The invention serves to facilitate computer users who have to access several accounts on the internet to have a safe way of recording their account and login information, in encrypted format, in a notebook, or a portable memory module. Such a storage media can be backed up and provides a central place to keep such information. A user is able to decrypt the supplied login information using one Master Password that he/she can easily remember. If a note-book is used in conjunction, the encrypted login information are first printed on self-adhesive, narrow, labels and then are glued in alphabetically indexed note-book (Pass-Book) for handy reference.

The encryption method used in such a device is not a fixed translation. For example, the software does not always encrypt the letter “a” to “K”. The encryption method is dependant upon a secondary character string that a user enters as an “key”, on the basis of which an encryption takes place. We refer to such a “key” as the “Encryption-Decryption-Key”, or a “Master Password”; one that a user can remember and always enter at encryption as well as decryption time. One example of such a Master Password would be: “The dog 8 my lunch!”. Of course, the same “Master Password” should be typed-in, when decrypting an already encrypted character-string, or else the original words/character-string would not result.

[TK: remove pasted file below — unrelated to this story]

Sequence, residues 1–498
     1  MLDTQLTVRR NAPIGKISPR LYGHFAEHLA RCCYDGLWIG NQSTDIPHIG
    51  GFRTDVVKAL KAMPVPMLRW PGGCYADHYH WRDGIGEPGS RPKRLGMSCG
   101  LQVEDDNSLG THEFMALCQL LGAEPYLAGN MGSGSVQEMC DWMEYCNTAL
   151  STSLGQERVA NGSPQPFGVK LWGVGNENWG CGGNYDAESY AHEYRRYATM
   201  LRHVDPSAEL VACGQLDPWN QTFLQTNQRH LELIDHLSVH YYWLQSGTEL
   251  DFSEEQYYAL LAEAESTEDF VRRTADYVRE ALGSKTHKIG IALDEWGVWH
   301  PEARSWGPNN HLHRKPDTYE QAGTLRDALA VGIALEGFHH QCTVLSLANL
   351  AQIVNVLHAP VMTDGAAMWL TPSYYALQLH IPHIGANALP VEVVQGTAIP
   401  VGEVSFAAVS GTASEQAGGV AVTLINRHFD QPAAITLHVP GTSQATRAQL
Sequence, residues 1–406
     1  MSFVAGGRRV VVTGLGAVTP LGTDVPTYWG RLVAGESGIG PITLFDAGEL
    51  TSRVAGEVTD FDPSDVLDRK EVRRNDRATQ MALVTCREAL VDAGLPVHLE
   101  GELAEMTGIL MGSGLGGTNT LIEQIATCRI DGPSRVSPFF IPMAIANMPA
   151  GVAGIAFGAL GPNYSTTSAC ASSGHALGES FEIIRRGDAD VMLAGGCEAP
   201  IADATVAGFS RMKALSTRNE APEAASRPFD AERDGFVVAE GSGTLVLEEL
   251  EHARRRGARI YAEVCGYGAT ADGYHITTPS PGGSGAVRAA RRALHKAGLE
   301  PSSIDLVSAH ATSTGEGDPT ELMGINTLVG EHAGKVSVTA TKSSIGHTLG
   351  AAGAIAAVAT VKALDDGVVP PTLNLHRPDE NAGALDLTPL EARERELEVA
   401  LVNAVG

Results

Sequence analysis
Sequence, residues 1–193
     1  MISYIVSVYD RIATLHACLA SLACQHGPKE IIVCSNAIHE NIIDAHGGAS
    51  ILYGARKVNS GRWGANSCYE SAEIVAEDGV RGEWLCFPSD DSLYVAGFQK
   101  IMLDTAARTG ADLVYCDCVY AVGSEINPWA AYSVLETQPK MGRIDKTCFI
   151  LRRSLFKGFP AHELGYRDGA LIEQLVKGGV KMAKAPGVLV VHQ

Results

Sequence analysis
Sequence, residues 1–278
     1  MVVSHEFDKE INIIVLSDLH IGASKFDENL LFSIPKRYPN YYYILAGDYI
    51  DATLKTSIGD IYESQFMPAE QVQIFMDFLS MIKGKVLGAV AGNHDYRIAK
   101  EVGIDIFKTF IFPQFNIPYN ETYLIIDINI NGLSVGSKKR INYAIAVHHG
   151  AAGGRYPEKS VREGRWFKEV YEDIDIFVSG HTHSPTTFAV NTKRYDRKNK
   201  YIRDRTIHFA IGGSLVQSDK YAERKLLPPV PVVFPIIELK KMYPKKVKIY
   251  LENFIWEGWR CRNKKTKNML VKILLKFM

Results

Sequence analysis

The encryption/decryption algorithms also employ numerous differently sequences-constant-character-strings in their design to create variations in the algorithm used. The gadget has the option of accepting such sequenced-constant-character-strings from outside through its I/O port. Extra sets that can be purchased as “different keys” are in the form of (flash) memory modules or plastic-smart-cards/cartridges. This provides a secondary key, so that not all gadgets sold would encrypt/decrypt the same character-strings when supplied with the same Master-Passwords.

The stand-alone electronic gadget: